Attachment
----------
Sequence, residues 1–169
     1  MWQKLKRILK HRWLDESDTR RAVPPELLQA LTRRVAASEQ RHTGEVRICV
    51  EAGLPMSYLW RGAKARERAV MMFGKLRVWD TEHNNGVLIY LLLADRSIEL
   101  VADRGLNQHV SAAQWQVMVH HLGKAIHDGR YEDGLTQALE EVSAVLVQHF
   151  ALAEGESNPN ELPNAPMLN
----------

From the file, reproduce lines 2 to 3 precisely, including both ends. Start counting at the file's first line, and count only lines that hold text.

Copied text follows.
     1  MWQKLKRILK HRWLDESDTR RAVPPELLQA LTRRVAASEQ RHTGEVRICV
    51  EAGLPMSYLW RGAKARERAV MMFGKLRVWD TEHNNGVLIY LLLADRSIEL